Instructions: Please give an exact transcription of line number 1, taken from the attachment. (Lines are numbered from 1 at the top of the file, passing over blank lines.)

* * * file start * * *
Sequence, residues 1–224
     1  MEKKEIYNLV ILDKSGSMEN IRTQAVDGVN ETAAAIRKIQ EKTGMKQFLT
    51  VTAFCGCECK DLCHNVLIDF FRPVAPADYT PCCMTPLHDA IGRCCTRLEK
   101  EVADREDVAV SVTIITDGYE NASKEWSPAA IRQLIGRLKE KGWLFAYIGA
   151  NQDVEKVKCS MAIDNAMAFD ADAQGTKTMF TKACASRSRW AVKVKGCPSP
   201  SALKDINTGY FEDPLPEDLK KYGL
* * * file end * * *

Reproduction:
Sequence, residues 1–224